Spirit Seeker: John Coltrane's Musical Journey

illus. by Rudy Gutierrez. 48p. bibliog. discography. further reading. websites. Clarion. 2012. RTE $17.99. ISBN 978-0-547-23994-1.
RedReviewStarGr 4–6—A well-conceived marriage of art and text breathes life and passion into this picture biography. Swirling strokes of vibrant colors give the book an almost cinematic quality, animating Coltrane's passionate journey from a joyous, nurturing early childhood with a loving extended family to the despair of losing too many loved ones in a short time. The music that had always been a part of the family's life and a strong involvement in the church sustained him as he struggled to find his way. As he grew older, his musical talent developed and led him to a career that became legendary, performing with greats like Miles Davis and Thelonious Monk. But the demons of loss and despair always haunted him. While a traveling professional musician, he began drinking, and when things became overwhelming, he succumbed to drugs. He looked for guidance in philosophy and world religions. Eventually, through intense determination inspired by the help of his second wife, Alice Coltrane, herself a musician, he managed to leave drugs behind. Coltrane's musical accomplishments and short career proved intensely significant in the history and development of jazz and bebop. Though technically a two-dimensional format, this unique selection has a kinetic and animate quality that envelops readers and honors the vibrancy of Coltrane's place in music. An afterword, author's note, and artist's note augment the book's perspective. A list of varied resources, both print, audio, and a website, offer additional opportunities for further examination.—Renee Steinberg, formerly at Fieldstone Middle School, Montvale, NJ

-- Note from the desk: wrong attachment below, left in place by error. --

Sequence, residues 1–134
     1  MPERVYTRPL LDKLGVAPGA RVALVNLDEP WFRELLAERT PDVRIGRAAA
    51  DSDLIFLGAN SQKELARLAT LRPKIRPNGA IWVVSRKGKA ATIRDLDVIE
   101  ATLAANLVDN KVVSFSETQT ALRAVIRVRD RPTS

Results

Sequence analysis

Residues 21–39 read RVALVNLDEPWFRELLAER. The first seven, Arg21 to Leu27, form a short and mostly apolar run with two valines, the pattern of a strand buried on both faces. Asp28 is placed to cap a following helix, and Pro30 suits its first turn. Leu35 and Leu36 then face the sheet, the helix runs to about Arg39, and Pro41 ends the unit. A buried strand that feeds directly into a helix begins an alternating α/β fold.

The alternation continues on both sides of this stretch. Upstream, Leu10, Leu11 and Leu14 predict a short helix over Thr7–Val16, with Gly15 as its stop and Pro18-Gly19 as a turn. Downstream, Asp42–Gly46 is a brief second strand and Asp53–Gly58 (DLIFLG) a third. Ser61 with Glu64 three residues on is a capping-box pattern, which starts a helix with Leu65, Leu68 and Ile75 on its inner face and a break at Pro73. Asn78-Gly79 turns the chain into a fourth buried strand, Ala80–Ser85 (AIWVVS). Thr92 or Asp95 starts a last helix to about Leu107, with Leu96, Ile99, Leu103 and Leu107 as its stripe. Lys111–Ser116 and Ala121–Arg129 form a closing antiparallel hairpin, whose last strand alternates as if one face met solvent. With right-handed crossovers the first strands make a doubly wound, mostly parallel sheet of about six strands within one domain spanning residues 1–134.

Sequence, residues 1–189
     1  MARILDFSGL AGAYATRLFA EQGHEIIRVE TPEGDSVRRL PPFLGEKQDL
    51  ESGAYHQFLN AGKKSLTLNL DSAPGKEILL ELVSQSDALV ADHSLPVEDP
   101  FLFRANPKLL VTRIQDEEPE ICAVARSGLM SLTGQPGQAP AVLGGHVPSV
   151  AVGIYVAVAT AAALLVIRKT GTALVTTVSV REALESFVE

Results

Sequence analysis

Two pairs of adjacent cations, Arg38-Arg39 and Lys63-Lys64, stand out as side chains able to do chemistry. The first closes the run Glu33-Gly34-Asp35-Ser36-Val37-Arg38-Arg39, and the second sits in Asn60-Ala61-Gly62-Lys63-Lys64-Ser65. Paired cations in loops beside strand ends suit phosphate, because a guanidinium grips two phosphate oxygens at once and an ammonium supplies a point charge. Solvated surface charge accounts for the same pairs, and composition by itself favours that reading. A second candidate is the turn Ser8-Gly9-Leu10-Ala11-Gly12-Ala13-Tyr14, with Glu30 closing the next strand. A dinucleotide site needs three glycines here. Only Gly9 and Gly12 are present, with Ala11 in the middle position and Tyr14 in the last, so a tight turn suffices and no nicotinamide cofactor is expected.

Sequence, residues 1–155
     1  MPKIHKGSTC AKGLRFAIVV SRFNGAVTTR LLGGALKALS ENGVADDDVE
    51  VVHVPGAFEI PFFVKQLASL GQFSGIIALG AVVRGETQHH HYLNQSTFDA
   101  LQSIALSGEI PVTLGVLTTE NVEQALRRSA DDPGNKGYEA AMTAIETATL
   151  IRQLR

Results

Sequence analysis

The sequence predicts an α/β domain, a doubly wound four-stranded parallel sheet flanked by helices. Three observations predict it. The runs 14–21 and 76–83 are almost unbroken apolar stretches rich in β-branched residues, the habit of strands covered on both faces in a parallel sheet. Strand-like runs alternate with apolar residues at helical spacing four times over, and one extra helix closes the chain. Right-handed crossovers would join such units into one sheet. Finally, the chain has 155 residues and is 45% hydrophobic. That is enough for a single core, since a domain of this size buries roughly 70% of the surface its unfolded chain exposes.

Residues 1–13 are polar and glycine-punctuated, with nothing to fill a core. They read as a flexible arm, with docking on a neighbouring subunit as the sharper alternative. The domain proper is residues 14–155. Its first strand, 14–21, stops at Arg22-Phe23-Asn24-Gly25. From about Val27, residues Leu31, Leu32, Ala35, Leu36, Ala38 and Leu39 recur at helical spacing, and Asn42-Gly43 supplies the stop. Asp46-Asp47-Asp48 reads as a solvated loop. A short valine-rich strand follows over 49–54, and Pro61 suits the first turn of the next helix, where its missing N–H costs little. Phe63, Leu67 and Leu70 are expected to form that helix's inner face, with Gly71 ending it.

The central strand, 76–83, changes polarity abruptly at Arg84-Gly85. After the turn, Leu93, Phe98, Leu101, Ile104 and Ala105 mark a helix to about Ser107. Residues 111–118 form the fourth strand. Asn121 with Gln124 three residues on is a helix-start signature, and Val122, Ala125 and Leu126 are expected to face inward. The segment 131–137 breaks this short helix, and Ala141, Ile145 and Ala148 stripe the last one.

There have been other picture books about gifted jazz musician and composer John Coltrane that have focused on his music or his childhood, but this one dares to take on the complexity of Coltrane’s entire life. Born into a caring extended family that encouraged him to pursue his talent for music, by adolescence Coltrane had already suffered more than his fair share of tragedy. The deaths of four close family members within a single year filled him with a sense of melancholy and a desire to search for meaning. His love of music pulled him into local clubs and music halls, where he also found solace in drugs and alcohol; he struggled with addiction for most of his short life. When he kicked his drug habit, he turned to religion as a spiritual quest. Remarkably, Golio integrates these aspects of Coltrane’s life into a picture-book biography that also successfully describes his music and what made it distinctive. The lengthy text is best suited for older children and even young teens. The sophisticated illustrations show human faces with a nearly photographic realism, while the lines depicting the background scenes are intentionally distorted and ultimately abstracted into swirling shapes. Thus the art ingeniously gets across the intangibles in Coltrane’s story as Golio tells it: his pain, his drug-addled mind, his spirituality, and his music. kathleen t. horning

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